Monday, May 6, 2013

IRON MAN 3: Review

I loved the movie. I loved the acting. I enjoyed myself immensely. Some people didn't. To avoid big spoilers, I can't be specific about some of the accusations fans are making about plot holes, but the movie had reasonable explanations for things some folks are saying. Seems to me they just didn't want to see those explanations. In a really good movie, stories can't be pat. No deus ex machina here despite what some think of Jarvis. Options open to Iron Man that he did not use earlier on in the story weren't used because they were destructive and not yet necessary. Later on, they were used as a last resort, a final solution that the hero - until that moment - was not ready to accept. The film made that clear to me, even if others couldn't see it. How's that for discussing things without discussing them?

If that's not helpful, then just go see the movie, it's great entertainment. Time raced by while I was in the theatre and gasps and laughs were plenty. There were even some tears.

Still, I've read a lot of complaints by die-hard Marvel comics fans who are upset with the portrayal of the Mandarin in the IRON MAN 3 movie. Surprised by the vitriol I saw, I read about the Mandarin of the comics. Here's the thing I'm thinking... Without a setup movie of his own, the Mandarin of the comics is an extremely complex character for a one movie deal. There's so much there (some of it, frankly, quite laughable). Maybe they should have chosen another villain to appease the masses of fans, but what if this is just the beginning of the introduction of the Mandarin? What if this character as portrayed IS far more than he seems to be - far more than even he is revealed to be? The comics version of the character used his own power at one point in his history to force himself to believe a lie about his origins. This makes it possible for me to believe that he might not even know who he is and thus appeared to be used when he is the user. And that's just one possible explanation. Just think about the meaning of the word "genius", Horatio. There are more things in heaven and earth than are dreamt of in your myopic philosophy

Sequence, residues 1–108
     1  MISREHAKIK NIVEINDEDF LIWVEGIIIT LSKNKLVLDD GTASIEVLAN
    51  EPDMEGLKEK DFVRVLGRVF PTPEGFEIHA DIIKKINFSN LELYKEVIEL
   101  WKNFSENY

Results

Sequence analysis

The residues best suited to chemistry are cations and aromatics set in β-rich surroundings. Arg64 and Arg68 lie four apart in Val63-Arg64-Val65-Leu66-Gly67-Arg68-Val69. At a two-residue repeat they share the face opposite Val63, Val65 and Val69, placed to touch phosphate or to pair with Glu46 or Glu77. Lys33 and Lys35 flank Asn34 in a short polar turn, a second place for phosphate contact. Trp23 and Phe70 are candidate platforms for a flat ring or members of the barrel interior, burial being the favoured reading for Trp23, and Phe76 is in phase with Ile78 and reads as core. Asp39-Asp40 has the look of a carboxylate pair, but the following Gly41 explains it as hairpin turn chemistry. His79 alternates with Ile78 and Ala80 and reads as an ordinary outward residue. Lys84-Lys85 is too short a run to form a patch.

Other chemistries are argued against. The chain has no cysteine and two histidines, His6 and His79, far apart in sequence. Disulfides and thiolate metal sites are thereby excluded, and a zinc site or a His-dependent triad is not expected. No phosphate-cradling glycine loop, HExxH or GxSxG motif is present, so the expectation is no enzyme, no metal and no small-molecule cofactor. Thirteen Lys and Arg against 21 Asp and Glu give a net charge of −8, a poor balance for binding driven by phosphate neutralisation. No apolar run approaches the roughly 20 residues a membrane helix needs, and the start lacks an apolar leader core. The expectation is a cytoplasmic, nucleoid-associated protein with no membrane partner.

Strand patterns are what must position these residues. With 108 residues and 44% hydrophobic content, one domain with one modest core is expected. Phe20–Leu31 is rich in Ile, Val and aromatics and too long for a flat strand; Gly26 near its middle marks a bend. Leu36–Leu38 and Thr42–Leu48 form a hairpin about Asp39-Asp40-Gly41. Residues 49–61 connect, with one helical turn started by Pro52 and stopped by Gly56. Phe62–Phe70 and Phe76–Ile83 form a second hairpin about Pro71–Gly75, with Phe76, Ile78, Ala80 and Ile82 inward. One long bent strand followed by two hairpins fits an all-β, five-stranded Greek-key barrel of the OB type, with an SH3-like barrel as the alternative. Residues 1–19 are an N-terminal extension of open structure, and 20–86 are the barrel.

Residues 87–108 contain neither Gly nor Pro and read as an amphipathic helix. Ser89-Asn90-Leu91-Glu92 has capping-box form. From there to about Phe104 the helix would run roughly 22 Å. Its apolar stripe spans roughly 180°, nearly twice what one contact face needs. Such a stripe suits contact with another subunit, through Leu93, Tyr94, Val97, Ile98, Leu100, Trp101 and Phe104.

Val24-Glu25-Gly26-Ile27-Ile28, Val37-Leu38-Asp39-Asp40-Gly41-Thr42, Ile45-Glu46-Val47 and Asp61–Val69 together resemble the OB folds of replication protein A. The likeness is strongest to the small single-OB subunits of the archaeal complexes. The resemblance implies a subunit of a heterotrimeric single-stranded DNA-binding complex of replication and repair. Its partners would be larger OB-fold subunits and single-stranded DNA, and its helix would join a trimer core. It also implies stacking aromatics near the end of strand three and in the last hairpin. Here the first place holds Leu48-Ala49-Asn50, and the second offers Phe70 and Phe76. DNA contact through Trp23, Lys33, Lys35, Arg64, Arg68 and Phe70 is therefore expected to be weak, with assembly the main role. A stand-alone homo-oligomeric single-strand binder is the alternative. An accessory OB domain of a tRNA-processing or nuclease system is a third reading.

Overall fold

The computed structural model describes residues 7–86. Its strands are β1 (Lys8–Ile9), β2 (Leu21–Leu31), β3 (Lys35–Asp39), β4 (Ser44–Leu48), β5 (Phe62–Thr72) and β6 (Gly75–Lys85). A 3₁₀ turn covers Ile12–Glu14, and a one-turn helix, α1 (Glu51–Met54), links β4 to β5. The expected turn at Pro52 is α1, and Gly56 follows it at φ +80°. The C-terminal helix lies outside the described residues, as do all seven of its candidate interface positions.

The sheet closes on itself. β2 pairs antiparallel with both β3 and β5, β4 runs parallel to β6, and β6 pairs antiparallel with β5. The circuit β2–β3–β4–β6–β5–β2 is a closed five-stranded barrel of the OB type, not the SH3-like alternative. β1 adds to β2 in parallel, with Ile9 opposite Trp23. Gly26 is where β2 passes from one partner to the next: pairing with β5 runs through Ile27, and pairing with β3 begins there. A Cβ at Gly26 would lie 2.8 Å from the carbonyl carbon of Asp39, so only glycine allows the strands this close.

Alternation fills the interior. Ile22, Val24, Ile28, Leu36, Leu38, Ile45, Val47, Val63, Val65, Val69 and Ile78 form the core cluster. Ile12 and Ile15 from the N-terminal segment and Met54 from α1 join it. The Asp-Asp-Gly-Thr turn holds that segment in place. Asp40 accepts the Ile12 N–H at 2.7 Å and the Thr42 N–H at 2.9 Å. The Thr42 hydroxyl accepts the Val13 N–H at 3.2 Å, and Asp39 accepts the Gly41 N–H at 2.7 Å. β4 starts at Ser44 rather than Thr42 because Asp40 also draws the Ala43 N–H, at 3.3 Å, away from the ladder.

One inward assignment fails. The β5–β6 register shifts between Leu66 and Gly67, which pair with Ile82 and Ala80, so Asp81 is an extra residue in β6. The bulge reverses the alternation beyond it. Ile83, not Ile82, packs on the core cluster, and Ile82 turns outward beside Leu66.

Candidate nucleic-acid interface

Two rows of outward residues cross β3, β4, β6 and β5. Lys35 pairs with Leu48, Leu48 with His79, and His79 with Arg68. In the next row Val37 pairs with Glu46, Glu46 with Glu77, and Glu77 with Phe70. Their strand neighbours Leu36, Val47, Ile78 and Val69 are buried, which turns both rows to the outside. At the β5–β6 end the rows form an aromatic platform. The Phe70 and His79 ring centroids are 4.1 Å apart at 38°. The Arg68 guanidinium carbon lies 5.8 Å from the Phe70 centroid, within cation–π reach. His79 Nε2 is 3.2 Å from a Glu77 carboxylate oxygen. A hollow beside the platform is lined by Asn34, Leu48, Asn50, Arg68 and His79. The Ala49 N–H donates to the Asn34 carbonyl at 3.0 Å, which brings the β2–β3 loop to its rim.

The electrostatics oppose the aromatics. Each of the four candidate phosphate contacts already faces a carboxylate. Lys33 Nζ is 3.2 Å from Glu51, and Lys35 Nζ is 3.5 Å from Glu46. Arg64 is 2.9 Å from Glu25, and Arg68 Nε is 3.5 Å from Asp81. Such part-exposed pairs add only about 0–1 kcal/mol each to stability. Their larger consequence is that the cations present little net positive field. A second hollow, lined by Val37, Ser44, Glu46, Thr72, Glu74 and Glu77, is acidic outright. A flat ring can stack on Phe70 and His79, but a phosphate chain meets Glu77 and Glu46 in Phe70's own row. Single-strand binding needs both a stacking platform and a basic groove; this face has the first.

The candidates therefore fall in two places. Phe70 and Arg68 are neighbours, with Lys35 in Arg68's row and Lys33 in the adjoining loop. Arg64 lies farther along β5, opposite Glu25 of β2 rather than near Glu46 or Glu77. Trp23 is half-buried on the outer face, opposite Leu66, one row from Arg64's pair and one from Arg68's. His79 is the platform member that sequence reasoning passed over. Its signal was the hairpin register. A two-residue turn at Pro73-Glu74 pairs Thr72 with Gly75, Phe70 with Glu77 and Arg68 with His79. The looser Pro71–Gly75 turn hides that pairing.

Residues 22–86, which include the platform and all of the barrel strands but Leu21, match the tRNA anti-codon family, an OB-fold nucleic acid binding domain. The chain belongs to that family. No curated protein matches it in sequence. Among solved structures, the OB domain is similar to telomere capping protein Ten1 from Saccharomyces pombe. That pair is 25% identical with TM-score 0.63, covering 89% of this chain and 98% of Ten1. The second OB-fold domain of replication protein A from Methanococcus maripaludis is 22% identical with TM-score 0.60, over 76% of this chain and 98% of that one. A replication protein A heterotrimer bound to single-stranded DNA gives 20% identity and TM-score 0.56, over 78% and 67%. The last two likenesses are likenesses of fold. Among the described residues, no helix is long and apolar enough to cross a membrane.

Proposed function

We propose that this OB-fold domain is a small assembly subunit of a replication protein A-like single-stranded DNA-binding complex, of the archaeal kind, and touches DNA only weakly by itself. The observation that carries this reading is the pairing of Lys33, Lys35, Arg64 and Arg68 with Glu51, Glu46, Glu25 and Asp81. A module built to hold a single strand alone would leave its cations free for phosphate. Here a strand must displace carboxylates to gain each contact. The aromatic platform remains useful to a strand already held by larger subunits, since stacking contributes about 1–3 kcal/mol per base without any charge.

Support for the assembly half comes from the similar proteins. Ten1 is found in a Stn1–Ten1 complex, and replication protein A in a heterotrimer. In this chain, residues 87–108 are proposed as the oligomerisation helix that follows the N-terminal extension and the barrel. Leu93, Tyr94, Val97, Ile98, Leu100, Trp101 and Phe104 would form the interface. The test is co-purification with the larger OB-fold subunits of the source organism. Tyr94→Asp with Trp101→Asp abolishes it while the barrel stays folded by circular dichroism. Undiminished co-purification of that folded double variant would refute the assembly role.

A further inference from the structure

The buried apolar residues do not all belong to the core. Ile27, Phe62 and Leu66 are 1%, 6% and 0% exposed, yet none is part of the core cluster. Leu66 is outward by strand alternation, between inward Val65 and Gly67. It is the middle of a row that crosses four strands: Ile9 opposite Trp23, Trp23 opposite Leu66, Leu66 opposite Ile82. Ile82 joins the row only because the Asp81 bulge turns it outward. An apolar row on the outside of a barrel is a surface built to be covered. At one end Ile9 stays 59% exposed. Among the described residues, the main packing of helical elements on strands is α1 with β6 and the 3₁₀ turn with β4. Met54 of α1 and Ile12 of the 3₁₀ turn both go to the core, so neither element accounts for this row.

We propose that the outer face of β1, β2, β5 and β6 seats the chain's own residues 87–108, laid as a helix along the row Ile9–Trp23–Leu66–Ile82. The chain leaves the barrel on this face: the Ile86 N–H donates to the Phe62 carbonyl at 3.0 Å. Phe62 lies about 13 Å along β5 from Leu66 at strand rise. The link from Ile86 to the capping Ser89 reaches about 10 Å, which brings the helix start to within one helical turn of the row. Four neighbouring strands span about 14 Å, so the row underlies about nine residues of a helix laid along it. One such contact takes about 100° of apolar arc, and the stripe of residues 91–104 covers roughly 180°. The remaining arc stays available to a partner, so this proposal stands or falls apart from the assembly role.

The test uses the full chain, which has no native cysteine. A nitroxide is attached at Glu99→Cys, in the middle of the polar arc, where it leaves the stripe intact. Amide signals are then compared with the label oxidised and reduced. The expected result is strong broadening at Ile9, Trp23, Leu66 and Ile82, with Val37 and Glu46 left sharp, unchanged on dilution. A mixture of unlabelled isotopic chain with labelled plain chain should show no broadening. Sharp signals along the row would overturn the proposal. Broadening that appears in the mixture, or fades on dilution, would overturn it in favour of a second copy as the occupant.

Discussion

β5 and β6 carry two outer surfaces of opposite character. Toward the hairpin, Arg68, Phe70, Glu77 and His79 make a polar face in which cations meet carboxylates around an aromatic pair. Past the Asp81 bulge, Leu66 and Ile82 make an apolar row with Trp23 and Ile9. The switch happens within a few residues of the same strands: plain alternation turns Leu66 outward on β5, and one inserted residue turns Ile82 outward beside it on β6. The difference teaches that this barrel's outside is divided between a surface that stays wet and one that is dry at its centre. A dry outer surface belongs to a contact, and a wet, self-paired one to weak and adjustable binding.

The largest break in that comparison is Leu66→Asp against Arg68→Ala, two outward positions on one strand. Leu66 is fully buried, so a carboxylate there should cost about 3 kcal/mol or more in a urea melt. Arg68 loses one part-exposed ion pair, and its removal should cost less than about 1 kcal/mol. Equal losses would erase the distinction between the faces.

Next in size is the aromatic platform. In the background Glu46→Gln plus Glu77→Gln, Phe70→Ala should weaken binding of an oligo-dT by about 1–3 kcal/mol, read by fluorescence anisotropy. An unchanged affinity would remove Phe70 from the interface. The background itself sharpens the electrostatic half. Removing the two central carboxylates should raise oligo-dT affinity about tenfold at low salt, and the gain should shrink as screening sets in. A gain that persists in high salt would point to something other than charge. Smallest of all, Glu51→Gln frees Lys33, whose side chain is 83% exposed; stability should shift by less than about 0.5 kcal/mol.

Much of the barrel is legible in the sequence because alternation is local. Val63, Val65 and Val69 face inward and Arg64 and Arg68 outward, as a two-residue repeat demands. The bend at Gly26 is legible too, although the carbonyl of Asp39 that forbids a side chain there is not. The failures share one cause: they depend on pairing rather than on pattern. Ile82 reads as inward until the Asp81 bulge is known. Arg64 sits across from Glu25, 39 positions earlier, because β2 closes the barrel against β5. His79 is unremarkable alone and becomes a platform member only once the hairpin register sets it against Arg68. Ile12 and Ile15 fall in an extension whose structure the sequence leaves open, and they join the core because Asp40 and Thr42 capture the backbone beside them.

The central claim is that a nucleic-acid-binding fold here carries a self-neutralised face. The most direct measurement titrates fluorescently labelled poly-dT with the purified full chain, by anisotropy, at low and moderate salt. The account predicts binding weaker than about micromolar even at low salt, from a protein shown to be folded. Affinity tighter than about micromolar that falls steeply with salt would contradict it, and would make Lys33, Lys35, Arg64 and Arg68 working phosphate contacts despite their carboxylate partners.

The Mandarin: Art by Robert De La Torre
I asked myself, would most audiences have bought the Super Villain genius scientist who is also a superhumanly skilled martial artist (who looks strangely like the Russian villain of Iron Man 2. I mean, look at that lightning. All he needs is a cockatiel)? Hard to say. Maybe. But to expect audiences to buy a genius scientist who is also a superhumanly skilled martial artist whose primary sources of power are ten power rings that he adapted from the alien technology of a crashed spaceship ...? Naw, sorry fans. That is much too much for one film. Give the creators of the movies credit. They know what works, they know what sells. And they aren't selling just to fans. Seriously, when I read how each ring has a different power and is worn on a specific finger, I immediately was reminded of all the other movies with magic/space-tech rings (LOTR, Green Lantern and even the Jackie Chan cartoon series...though, those were talismans, not rings but each had a different power). And I started laughing. More rings? Oish. At this early stage, it just would not have flown. As much as comic fans want everything to be the way they see it in those pages they adore, the rest of us want believability that doesn't blow our ability to suspend certain beliefs out of the water. That must go hand in hand with a good story full of realistic emotion from our heroes.

Brief (maybe tiny?) SPOILER Alert!!

I know what anxiety attacks are like and when we saw the first one in the movie, my first thought was, "That's exactly right!" I felt the same shortness of breath, the same confusion, the same pressure in my chest like I was having a heart attack. Fear and the need to escape. For those unfamiliar with such things, let me tell you, it can be terrifying. RDJ hit it spot on. This is a perfectly understandable reaction for someone who, not long ago, met aliens and gods for the first freaking time in his life that we as a movie-going audience are aware of. I *liked* that he suffered that. It was gritty and real. After all, Tony Stark may be Iron Man, but he's also very human. And that makes him even more the hero.

I loved the twists in the movie regarding the Mandarin. Since the movie is being hailed as #1 in the world right now, a lot of other people did too. There is room for the Ben Kingsley portrayal of the Mandarin to grow into the villain the comics contain. The appeal is undeniable of the franchise and these guys actually know what they're doing.

Longtime fans must face facts. The movies are not the comics. They are made to appeal to a broader audience - thank God! - and if comic book fans expect to see the storylines of the comics in the movies, they're probably going to be disappointed. What works in pulp fiction doesn't always translate well to the big screen or bring in the large audiences of people who have never picked up a comic book in their lives. Let's admit it, movies are about entertainment and making money. At least with Iron Man, it is money well spent.

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